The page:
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Bluetooth

Bluetooth is a very short-range—30 feet or less—wireless networking technology. It enables you to connect Bluetooth-enabled computers, personal digital assistants (PDAs), and mobile phones to each other and to the Internet.

With Mac OS X and Bluetooth, you can do the following:

  • Connect your computer to a Bluetooth-enabled cell phone to retrieve message information.

  • Connect your computer to the Internet using a Bluetooth-enabled cell phone.

  • Exchange files between your computer and a Bluetooth-enabled PDA or other computer.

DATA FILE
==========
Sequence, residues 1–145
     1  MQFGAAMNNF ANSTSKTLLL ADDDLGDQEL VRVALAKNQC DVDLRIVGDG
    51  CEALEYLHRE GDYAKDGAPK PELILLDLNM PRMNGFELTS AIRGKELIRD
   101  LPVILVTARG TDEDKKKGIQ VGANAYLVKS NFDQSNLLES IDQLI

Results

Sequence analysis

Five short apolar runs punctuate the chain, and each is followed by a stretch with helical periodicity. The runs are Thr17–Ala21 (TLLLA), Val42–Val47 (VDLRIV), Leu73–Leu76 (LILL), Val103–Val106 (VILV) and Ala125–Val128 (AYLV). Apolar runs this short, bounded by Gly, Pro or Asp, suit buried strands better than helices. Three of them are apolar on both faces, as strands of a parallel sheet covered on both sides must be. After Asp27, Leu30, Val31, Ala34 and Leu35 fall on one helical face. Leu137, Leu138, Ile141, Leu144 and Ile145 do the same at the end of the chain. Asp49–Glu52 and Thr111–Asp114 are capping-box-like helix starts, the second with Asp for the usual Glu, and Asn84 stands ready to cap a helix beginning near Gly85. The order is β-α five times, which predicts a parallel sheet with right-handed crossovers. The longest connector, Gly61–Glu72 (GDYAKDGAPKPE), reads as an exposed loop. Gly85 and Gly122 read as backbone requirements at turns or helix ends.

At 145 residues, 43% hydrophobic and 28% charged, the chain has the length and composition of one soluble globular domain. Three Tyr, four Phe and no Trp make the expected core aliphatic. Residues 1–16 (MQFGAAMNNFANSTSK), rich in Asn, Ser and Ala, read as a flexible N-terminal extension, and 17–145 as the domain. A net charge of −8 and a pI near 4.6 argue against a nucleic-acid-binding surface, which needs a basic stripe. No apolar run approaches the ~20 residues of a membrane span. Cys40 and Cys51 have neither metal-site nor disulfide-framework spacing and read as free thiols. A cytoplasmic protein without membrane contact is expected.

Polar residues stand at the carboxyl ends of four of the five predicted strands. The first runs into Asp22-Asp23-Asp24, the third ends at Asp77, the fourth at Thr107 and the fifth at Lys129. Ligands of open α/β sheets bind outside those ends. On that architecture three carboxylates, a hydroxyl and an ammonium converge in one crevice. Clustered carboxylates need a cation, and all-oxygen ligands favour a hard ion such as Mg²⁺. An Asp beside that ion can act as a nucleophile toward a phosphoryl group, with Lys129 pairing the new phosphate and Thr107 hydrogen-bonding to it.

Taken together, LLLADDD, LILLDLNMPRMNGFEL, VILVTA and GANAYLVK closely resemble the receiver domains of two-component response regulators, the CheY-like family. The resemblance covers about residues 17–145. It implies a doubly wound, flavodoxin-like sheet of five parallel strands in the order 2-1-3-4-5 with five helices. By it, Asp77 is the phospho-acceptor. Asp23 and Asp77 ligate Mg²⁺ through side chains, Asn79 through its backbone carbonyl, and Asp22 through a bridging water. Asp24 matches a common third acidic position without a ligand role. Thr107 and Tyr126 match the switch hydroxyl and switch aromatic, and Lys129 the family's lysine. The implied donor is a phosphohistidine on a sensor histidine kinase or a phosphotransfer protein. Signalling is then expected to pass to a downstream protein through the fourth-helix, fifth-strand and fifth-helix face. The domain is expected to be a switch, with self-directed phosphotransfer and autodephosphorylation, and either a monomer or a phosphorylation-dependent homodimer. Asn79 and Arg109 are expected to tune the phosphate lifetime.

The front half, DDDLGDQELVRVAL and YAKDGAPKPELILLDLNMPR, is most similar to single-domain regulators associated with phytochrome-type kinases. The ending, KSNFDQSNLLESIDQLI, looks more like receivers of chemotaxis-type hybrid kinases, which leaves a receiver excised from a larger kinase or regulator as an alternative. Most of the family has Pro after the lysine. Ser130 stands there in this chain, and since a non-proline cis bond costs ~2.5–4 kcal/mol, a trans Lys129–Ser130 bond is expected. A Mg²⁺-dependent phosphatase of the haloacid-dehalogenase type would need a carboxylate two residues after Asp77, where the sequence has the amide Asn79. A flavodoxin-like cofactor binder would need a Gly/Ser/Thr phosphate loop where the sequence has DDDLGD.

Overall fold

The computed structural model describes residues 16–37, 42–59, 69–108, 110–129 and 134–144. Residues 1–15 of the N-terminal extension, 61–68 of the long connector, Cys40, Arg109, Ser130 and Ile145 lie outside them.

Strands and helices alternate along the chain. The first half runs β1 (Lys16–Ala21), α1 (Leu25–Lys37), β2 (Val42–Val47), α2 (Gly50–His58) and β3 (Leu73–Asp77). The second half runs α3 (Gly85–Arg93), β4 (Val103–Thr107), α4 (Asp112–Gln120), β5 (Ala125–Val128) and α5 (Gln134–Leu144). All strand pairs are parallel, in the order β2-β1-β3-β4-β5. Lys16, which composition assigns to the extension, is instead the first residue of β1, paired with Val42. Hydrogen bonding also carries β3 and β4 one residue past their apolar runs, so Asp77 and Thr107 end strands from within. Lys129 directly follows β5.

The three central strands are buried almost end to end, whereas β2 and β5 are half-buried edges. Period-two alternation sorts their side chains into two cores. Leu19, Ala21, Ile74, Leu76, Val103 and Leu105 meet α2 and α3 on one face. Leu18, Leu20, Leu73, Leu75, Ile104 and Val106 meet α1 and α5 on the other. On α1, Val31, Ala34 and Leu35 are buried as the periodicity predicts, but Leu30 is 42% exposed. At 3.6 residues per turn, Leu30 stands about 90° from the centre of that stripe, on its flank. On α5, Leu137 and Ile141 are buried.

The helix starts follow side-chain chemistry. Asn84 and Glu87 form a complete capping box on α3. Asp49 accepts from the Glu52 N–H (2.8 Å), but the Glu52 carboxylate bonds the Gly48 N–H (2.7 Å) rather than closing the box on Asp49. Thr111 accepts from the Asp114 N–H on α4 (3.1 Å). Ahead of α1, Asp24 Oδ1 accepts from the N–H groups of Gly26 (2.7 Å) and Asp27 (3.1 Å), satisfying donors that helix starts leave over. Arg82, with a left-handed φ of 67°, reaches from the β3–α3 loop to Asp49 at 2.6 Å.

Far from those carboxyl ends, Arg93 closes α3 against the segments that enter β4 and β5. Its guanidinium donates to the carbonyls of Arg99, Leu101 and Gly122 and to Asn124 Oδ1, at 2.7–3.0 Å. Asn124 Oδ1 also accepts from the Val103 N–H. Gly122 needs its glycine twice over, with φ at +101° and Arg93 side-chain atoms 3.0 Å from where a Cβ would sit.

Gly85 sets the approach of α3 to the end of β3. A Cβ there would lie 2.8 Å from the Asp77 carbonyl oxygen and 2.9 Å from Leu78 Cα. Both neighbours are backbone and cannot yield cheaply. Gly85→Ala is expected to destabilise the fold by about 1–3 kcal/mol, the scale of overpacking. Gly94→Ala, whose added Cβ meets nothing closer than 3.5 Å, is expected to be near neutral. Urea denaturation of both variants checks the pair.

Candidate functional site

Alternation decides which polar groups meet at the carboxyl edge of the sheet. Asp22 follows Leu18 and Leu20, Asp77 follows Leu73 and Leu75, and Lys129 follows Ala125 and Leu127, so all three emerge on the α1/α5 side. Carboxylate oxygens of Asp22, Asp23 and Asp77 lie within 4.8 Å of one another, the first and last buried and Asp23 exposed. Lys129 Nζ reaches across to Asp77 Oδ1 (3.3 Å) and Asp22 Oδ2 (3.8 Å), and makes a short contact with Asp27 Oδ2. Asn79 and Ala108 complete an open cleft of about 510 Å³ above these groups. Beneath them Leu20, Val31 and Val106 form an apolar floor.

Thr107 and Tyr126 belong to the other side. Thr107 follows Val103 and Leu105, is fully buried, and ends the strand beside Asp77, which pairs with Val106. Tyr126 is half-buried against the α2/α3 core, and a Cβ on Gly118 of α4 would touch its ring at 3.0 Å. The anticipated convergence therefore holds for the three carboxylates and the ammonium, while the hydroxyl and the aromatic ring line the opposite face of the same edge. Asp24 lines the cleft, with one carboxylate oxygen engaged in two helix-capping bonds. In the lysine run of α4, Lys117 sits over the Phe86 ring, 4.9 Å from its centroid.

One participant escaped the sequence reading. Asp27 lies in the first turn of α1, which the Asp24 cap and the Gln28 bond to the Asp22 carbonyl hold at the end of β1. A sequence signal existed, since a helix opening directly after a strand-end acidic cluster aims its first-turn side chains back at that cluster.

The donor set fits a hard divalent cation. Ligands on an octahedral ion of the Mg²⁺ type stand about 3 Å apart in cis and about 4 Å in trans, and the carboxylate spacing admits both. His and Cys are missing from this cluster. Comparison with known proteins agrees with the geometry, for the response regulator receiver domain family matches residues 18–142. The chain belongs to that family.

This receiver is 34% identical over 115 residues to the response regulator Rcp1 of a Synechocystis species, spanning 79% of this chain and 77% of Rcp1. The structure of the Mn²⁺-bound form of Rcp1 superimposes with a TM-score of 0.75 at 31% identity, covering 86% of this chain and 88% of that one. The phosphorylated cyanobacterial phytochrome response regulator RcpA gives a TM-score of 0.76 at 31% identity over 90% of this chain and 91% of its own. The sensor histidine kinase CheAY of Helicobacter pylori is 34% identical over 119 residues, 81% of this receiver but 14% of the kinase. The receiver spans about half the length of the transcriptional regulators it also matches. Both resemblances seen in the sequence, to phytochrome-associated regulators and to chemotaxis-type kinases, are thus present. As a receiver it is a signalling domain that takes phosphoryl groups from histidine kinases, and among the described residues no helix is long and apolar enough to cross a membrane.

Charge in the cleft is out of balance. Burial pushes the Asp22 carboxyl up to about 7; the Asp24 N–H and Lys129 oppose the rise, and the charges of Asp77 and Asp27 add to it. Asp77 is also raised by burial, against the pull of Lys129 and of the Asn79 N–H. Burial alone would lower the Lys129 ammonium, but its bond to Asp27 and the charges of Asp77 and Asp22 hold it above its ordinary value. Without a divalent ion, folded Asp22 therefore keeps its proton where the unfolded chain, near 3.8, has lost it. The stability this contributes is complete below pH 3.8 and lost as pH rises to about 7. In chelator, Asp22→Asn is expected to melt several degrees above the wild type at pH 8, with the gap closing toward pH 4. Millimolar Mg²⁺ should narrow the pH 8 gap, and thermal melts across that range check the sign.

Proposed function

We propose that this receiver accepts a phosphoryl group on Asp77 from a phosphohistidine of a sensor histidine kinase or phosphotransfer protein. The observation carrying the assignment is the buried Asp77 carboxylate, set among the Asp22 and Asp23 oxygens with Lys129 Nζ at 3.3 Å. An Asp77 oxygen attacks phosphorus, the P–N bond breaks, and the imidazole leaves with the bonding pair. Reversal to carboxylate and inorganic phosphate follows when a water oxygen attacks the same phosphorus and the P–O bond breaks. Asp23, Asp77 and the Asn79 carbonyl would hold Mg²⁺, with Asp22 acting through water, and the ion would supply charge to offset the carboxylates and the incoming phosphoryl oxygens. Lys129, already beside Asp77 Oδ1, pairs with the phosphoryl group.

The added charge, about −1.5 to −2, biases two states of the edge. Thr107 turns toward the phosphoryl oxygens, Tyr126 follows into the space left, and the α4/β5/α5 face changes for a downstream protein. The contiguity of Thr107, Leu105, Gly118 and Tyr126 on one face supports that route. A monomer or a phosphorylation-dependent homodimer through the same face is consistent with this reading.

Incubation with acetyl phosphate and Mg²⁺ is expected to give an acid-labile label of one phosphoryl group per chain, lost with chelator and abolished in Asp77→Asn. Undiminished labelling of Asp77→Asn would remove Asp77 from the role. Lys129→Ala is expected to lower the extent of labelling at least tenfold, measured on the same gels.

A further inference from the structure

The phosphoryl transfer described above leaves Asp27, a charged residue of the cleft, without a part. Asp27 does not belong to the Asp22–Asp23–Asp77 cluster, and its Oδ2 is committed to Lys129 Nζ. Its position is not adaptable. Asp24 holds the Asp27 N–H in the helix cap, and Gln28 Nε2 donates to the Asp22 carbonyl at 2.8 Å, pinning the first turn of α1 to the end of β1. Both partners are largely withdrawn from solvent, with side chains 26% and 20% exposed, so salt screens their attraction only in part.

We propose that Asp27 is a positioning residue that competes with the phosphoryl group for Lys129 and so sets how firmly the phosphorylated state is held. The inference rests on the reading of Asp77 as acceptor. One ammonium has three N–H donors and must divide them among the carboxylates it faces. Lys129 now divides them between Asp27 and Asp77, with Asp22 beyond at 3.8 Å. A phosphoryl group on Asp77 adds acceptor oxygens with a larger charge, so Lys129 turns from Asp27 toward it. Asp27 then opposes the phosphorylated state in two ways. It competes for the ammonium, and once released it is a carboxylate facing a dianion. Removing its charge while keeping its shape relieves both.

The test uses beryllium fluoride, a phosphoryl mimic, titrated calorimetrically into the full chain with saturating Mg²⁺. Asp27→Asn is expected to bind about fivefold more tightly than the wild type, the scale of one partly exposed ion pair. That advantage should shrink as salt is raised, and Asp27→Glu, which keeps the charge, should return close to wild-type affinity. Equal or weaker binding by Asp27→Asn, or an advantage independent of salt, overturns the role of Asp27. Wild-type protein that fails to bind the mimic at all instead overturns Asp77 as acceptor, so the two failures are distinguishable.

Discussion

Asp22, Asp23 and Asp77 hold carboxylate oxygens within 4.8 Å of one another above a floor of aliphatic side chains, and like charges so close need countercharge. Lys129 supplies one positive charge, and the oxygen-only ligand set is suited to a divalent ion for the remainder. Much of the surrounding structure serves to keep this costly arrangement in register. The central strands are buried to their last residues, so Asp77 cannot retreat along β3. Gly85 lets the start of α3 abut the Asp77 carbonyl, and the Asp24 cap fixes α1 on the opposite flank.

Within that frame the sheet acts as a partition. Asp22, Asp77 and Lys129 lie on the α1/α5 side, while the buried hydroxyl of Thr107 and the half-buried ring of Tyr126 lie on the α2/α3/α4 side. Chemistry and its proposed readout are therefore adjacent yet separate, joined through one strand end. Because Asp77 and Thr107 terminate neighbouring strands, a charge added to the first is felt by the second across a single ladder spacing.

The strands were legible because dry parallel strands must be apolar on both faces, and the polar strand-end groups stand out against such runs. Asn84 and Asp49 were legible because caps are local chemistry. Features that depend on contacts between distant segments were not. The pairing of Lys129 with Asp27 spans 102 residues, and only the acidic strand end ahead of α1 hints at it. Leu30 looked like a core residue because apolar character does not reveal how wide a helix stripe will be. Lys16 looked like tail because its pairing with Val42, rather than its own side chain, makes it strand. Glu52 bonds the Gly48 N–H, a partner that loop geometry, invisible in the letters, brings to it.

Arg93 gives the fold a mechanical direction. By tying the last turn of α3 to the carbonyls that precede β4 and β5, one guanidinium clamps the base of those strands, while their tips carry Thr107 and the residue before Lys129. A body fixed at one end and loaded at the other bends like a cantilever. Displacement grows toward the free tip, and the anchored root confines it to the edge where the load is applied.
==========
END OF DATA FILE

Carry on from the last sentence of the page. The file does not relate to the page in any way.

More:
To use Bluetooth with Mac OS X, your computer must have a Bluetooth adapter. Bluetooth USB adapters are available from the Apple Store (www.apple.com/store/) and other sources. You must also have a Bluetooth-enabled device to connect to. You can find a complete list of currently available devices on the official Bluetooth Web site, www.bluetooth.com.

Tips

  • Don’t confuse Bluetooth with AirPort. These are two similar yet different technologies. AirPort enables an AirPort-enabled computer to connect to and exchange information with computers and devices on an entire network. Bluetooth, however, enables your computer to connect to and exchange information with a single Bluetooth-enabled device.

  • A complete discussion of Bluetooth is beyond the scope of this book. You can learn more about Bluetooth on Apple’s Web site, at www.apple.com/bluetooth/.


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